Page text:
Location: Location not imported yet.Title: Evaluation of encapsulated anethole and carvone in lambs artificially- and naturally-infected with Haemonchus contortus
|KATIKI, L. - Instituto De Zootecnia|
|ARAUJO, R - Grasp Industria E Comercio Ltda|
|ZIEGELMEYER, L. - Instituto De Zootecnia|
|GOMES, A. - Instituto De Zootecnia|
|GUTMANIS, G. - Instituto De Zootecnia|
|RODRIGUES, L. - Instituto De Zootecnia|
|BUENO, M. - Instituto De Zootecnia|
|VERISSIMO, C. - Instituto De Zootecnia|
|LOUVNDINI, H. - The Center Of Nuclear Energy In Agriculture|
|AMARANTE, A - Sao Paulo State University (UNESP)|
Submitted to: Experimental Parasitology
Publication Type: Peer Reviewed Journal
Publication Acceptance Date: 1/7/2019
Publication Date: 1/8/2019
Citation: Katiki, L.M., Araujo, R.C., Ziegelmeyer, L., Gomes, A.C., Gutmanis, G., Rodrigues, L., Bueno, M.S., Verissimo, C.J., Louvndini, H., Ferreira, J.F., Amarante, A.F. 2019. Evaluation of encapsulated anethole and carvone in lambs artificially- and naturally-infected with Haemonchus contortus. Experimental Parasitology. 197:36-42. https://doi.org/10.1016/j.exppara.2019.01.002.
Interpretive Summary: Natural, safe, and effective alternatives to control parasitic gastrointestinal helminths (worms) in sheep production systems are currently unavailable, and commercially-important worms, such as the barber pole worm (Haemonchus contortus), have developed tolerance to most available anthelmintics worldwide. This worm problem represents a huge economic threat to animal production systems and to the production of animal protein to feed a growing world population. Compounds from natural sources, such as essential oils, have shown activity against parasites in vitro, but have not been explored extensively in vivo. The essential oil components anethole and carvone (10% each) were encapsulated with 80% of an inert solid matrix (encapsulated essential oil components – EEOC) and tested in 2 experiments in vivo. In Experiment 1, lambs were artificially infected with a multi-drug resistant barber pole worm and treated with 50 mg/kg of EEOC in a controlled environment, while control animals were unifected and untreated. Thirty-two male lambs were kept in individual cages for a period of 45 days, after which they were evaluated for worm fecal egg count (FEC) and presence of adult worm, blood, toxicological, and nutritional status. When administered for 45 days at 50 mg/kg, EEOC was not toxic and provided a significant reduction in FEC. However, there was no difference in the clinical signs for the worm infection. Infected lambs, treated and untreated with EEOC, had similarly-low red blood cell count. Animals from both control and EEOC treatments had similar total adult worm count. The low FEC provided by the dose of 50 mg/kg EEOC reduced significantly both male worm size and female fecundity. Dry matter intake of uninfected healthy animals (controls) was significantly reduced by the 50 mg/kg EEOC dose. Thus, in Experiment 2, conducted for five months with lambs naturally infected with gastrointestinal parasitic worms, we used an EEOC dose of 20 mg/kg. Thirty four weaned lambs, free of parasites, were divided in two groups and kept in collective confinement. One group received EEOC at 20 mg/kg mixed with concentrate for 5 months, and the other was kept as a control group (CG). Both groups were evaluated for parasitological and blood parameters, and for body weight gain. In the first 2.5 months, CG group and EEOC groups were confined, and both presented similar clinical parameters. Then, animals were allowed to graze in contaminated pastures to acquire natural infection for the next 2.5 months. The infection was established after 25 days and both groups presented similar decrease in weight gain, increase in FEC, and decrease in blood parameters. Fecal cultures from CTL and EEOC groups established that parasite population was 90% barber pole worm. We concluded that the EEOC anethole and carvone, at either 20 or 50 mg/kg, although not toxic to animals, were not effective either to prevent or treat sheep naturally infected with parasitic worms or with a multidrug-resistant strain of the barber pole worm. This technology has proven safe and effective to deliver natural plant components, such as essential oils, to livestock at the farm level. However, an effective and safe natural worm killer for livestock is yet to be found.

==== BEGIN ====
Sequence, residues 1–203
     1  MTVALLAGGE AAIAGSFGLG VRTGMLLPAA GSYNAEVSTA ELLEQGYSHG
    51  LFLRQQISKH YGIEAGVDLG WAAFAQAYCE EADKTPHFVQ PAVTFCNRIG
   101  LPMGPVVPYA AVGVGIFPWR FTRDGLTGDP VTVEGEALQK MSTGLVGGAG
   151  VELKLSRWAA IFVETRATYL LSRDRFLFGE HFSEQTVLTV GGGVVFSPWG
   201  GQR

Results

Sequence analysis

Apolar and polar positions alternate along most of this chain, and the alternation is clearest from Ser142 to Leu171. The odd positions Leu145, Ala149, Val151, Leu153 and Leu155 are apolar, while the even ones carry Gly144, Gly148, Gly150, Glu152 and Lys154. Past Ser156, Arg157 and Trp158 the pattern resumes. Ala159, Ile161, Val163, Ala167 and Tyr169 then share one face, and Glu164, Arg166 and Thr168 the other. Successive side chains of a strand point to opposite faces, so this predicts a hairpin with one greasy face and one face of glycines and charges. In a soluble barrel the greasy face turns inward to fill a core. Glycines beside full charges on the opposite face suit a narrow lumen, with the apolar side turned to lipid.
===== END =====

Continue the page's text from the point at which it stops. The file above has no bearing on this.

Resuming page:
Technical Abstract: Molecules from natural sources, such as essential oils, have shown activity against parasites in vitro, but have not yet been explored extensively in vivo. Anethole and carvone (10% each), encapsulated with 80% of a solid matrix, referred to as EO (encapsulated oils), were tested in vivo in 2 experiments. In Experiment 1: Lambs were artificially infected with multidrug resistant Haemonchus contortus, or left uninfected, and treated (or not) with 50 mg/kg bw (body weight) of EO in a controlled environment. Thirty-two male lambs were kept in individual cages for a period of 45 days, after which animals were evaluated for parasitological, hematological, toxicological, and nutritional parameters. After 45 days of treatment, EO at 50 mg/kg bw provided a significant (P=0.05) reduction in fecal egg count (FEC). Although FEC was reduced, animals from both treatments had similar counts of total adult worms. The low FEC was caused probably by a significant reduction (P=0.05) in both male worm size and female fecundity. Dry matter intake of uninfected controls was significantly (P=0.05) reduced, although no toxicity was observed in treated animals. Thus, in Experiment 2, conducted for five months we used an EO dose of 20 mg/kg bw. Thirty-four weaned lambs, free of parasites, were divided in two groups and kept in collective pens. One group received EO at 20 mg/kg bw mixed with concentrate for 5 months and the other was kept as a control group (CTL). Parasitological and hematological parameters as well as body weight were evaluated. In the first 2.5 months, CTL and EO groups were confined, and both presented similar clinical parameters. Then, animals were allotted to graze on contaminated pastures to acquire natural infection for the next 2.5 months. The infection was patent after 25 days and both groups had similar decreases in weight gain, increases in FEC, and decreases in blood parameters. Coprocultures from CTL and EO groups established that parasite population was 90% Haemonchus sp. We concluded that the technology of encapsulation is safe and practical to deliver to lambs at the farm level and anethole and carvone at 50 mg/kg bw caused a significant decrease in FEC and, consequently, in pasture contamination by free living stages of H. contortus. However, EO at 20 mg/kg bw was not effective to prevent or treat sheep naturally-infected with gastrointestinal nematodes.